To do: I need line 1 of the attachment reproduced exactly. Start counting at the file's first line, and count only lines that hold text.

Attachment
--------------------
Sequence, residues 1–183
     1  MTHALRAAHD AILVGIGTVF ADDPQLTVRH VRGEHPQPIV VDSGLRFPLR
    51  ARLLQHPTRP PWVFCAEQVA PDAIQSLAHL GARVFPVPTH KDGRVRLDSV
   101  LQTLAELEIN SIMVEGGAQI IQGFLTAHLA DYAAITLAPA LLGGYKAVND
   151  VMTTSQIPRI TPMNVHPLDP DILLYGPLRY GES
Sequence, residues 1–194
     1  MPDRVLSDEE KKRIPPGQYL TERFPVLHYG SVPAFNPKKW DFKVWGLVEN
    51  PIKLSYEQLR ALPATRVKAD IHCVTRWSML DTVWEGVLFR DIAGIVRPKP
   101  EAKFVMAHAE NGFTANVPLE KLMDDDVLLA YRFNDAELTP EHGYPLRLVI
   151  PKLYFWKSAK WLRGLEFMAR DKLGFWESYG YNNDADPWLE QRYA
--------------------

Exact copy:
Sequence, residues 1–183